The core of the difficult challenge to migration policy making is replete with a fear of loss of national, cultural and personal identity. So much so that some authors have compared unabsorbed diasporas to the level of unsafe carbon dioxide in the atmosphere (see here). So I have started reading about identity and human diversity, starting with Amartya Sen’s “Identity and Violence: The Illusion of Destiny” to now Richard Lewontin’s “Human Diversity”. I was struck by Sen’s observation that everyone has multiple identities and should have the choice, and responsibility, to prioritize those identities. I am even more struck by Lewontin’s finding that racial classification (Caucasian, African, Mongoloid, South Asian Aborigines, Amerinds, Oceanians, and, Australian Aborigines) has very little correlation with genetic variations between humans, that majority of genetic variation is found within (rather than between) populations.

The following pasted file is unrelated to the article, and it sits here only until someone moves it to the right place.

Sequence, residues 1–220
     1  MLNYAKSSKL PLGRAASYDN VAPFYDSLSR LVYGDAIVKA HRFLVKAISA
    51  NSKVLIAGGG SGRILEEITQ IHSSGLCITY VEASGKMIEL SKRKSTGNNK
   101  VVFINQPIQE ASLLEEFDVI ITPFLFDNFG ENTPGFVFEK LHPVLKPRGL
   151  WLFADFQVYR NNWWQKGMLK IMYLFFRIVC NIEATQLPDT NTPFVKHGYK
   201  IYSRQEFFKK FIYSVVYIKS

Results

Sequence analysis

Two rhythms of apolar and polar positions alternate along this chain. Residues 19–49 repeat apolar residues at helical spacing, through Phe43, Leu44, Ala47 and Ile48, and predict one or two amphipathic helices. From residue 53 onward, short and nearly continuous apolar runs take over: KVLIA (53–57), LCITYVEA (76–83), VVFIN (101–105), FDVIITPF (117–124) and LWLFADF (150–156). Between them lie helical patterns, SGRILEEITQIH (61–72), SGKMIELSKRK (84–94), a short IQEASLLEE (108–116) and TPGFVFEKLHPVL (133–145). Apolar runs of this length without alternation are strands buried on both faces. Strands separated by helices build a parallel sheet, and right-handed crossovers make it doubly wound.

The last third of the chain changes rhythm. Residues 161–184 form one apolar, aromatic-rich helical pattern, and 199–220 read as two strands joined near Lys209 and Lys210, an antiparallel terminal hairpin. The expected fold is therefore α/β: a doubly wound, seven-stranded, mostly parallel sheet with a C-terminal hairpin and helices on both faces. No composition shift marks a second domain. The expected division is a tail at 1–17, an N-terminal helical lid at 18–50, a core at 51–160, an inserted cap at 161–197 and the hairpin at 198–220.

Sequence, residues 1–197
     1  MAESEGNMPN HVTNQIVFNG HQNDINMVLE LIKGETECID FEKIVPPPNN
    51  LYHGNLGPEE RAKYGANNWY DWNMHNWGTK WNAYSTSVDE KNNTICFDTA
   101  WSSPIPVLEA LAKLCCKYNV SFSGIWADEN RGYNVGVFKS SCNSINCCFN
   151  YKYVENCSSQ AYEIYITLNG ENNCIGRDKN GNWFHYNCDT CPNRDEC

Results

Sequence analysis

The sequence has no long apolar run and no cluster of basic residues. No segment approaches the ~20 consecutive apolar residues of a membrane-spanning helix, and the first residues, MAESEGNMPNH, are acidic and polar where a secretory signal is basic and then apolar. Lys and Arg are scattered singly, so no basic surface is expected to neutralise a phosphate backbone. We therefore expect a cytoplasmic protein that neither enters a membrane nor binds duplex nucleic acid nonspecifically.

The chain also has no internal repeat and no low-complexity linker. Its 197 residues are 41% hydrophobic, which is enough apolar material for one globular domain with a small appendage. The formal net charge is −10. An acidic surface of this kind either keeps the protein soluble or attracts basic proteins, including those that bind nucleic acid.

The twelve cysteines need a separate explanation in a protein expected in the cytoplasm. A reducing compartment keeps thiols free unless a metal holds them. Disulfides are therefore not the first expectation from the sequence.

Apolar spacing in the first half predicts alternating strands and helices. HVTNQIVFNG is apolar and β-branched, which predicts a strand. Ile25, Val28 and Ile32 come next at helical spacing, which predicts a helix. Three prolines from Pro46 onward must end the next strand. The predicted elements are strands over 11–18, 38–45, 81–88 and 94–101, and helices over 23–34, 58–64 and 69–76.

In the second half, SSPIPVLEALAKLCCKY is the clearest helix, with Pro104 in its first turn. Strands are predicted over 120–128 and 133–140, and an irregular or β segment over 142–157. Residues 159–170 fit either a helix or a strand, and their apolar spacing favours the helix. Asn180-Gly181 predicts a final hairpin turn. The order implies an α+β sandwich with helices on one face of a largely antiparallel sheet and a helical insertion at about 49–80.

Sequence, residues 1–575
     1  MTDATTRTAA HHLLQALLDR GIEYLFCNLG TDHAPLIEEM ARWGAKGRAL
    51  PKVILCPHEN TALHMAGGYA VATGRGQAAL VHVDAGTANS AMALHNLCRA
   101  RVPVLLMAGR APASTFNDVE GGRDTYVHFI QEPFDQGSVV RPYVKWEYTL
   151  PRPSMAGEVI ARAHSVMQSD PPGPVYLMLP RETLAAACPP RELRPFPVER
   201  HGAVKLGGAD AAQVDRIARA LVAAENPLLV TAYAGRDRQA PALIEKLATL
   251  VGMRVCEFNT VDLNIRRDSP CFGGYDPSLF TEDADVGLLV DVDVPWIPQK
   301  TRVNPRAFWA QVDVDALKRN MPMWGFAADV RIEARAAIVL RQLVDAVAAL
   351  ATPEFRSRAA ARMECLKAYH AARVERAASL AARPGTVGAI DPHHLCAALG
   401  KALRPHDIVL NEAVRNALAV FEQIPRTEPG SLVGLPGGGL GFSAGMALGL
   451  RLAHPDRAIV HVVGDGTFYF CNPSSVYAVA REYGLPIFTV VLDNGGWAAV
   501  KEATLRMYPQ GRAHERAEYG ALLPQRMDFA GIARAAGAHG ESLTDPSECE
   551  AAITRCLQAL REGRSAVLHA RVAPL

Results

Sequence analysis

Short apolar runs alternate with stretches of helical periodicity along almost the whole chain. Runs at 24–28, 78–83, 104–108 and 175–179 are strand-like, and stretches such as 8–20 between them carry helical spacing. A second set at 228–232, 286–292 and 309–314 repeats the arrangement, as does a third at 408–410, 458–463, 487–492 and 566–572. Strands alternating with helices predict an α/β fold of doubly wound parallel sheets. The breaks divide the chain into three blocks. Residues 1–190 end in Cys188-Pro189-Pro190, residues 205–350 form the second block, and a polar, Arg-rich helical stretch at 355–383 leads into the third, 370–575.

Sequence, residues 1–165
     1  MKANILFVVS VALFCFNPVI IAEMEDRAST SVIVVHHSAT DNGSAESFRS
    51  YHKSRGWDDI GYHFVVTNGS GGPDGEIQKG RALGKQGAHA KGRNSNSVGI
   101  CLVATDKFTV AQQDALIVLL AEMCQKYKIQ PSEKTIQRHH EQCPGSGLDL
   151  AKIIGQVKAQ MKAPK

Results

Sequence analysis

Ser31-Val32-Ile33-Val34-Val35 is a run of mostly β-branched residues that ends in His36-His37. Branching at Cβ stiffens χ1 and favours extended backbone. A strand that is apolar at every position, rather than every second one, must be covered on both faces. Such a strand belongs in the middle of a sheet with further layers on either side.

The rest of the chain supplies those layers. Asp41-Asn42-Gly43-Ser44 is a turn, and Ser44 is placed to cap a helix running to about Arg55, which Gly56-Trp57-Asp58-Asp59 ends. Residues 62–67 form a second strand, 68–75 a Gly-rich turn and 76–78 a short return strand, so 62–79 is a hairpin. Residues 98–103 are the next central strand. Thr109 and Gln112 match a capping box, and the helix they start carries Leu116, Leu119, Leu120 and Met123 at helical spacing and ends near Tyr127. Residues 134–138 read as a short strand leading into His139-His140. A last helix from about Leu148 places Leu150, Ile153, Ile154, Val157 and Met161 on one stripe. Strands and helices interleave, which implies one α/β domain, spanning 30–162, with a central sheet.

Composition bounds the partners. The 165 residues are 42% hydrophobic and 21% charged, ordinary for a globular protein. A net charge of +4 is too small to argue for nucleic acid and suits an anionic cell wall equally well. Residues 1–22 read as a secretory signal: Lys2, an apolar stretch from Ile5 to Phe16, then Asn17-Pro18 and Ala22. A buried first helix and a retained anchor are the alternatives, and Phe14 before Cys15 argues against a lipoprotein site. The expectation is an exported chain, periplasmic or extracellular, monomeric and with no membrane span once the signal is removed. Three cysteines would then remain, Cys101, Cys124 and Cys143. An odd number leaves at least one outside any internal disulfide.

Because major players in the on-line world like Google+ and Facebook are insisting that people should use their real names (that is, reveal their true identities) there is a debate going on in the emerging global public sphere on the role of pseudonyms. In what follows, I attempt to sum up the arguments for and against – as I understand them.
Social networks matter.
“It’s simply about being human: creating, sharing, consuming ideas.”
In marketing courses, we learned that youth in different countries around the world often share more similarities with one another in their tastes, preferences, and decision making processes than they often do with older generations within their own respective countries.